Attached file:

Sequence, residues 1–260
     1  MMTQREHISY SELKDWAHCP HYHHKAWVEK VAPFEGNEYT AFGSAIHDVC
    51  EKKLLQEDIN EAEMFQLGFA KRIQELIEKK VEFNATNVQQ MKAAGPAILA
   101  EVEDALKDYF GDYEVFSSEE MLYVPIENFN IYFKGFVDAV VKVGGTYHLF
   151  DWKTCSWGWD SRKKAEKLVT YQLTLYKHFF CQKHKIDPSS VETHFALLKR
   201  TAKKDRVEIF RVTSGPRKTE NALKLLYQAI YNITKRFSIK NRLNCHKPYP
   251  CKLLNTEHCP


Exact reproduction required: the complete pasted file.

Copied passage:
Sequence, residues 1–260
     1  MMTQREHISY SELKDWAHCP HYHHKAWVEK VAPFEGNEYT AFGSAIHDVC
    51  EKKLLQEDIN EAEMFQLGFA KRIQELIEKK VEFNATNVQQ MKAAGPAILA
   101  EVEDALKDYF GDYEVFSSEE MLYVPIENFN IYFKGFVDAV VKVGGTYHLF
   151  DWKTCSWGWD SRKKAEKLVT YQLTLYKHFF CQKHKIDPSS VETHFALLKR
   201  TAKKDRVEIF RVTSGPRKTE NALKLLYQAI YNITKRFSIK NRLNCHKPYP
   251  CKLLNTEHCP